Additionally, food additives such as nitrates (often found in processed meats) and MSG (found in meat tenderizer, soy sauce, Asian foods, and a variety of packaged foods) have also been associated with the presentation of migraines.
Other food substances often considered to be triggers include tannins and phenols found in:
Other diet-related factors that may be associated with increased expression of migraine symptoms includes:
common food-related migraine triggers
determining food triggers + cause
When it comes to determining the root cause of migraines, there is much controversy as to what exactly to consider. How a practitioner accurately determines the specific food triggers and/or nutrition intervention to mitigate or eliminate migraines is still inconclusive. There's a lot of discussion as to whether or not dietary intervention and/or elimination protocols are an appropriate, successful intervention in migraine prevention.
Emerging studies have identified support for the role of comprehensive diets in the prevention of migraines (performed under the care of a credentialed practitioner ensuring adequate macronutrient and vitamin/mineral intakes).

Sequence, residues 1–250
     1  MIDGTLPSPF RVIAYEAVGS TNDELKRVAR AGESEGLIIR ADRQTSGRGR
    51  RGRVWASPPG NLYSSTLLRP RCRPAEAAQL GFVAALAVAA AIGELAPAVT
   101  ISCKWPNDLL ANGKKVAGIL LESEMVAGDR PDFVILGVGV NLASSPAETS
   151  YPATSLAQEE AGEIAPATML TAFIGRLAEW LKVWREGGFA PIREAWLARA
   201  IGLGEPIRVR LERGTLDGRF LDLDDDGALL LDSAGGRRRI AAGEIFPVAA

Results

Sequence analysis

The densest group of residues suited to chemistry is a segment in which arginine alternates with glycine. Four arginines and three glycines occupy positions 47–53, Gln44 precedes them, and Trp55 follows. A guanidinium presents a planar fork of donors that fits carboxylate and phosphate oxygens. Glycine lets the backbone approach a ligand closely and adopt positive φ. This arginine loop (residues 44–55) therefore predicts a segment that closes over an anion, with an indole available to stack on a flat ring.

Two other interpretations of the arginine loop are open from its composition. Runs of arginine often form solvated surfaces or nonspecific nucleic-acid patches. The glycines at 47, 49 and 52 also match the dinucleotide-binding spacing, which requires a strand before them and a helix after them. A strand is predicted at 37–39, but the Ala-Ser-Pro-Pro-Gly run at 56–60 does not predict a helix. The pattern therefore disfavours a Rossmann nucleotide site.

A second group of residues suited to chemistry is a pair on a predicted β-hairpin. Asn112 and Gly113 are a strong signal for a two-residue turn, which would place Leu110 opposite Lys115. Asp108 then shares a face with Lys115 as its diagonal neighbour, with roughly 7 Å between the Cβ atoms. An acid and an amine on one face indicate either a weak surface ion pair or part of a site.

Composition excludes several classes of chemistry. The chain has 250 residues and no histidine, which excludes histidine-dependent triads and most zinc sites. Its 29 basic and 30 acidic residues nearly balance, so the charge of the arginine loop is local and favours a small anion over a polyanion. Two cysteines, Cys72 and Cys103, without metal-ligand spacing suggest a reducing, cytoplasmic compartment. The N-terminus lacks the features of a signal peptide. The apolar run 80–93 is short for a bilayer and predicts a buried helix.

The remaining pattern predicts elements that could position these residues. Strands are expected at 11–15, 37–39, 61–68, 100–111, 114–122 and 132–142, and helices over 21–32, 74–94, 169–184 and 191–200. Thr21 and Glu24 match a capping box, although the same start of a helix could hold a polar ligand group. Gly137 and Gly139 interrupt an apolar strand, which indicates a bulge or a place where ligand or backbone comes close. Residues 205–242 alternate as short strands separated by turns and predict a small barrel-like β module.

It has also been reported that a diet rich in omega-3 and low in omega-6 polyunsaturated fatty acids (PUFAs) appeared to decrease migraine frequency.
It may also be possible that a migraine is associated with a woman’s menstrual cycle, celiac disease, gluten sensitivity, or vitamin and mineral deficiencies, which is why an in-depth symptom diary and health history is vital for a practitioner in getting to the root-cause of the presenting migraine.
Migraines can also be triggered by impingement of the vertebral artery which is encased in the first 6 cervical (neck) bones of the neck.
Finally, keep in mind food sensitivities can be dose-dependent. This means that a client may experience symptoms with a certain amount of a specific food consumed (e.g. ¼ cup nuts = no symptoms vs. 1 cup nuts = symptoms present).
what you can do...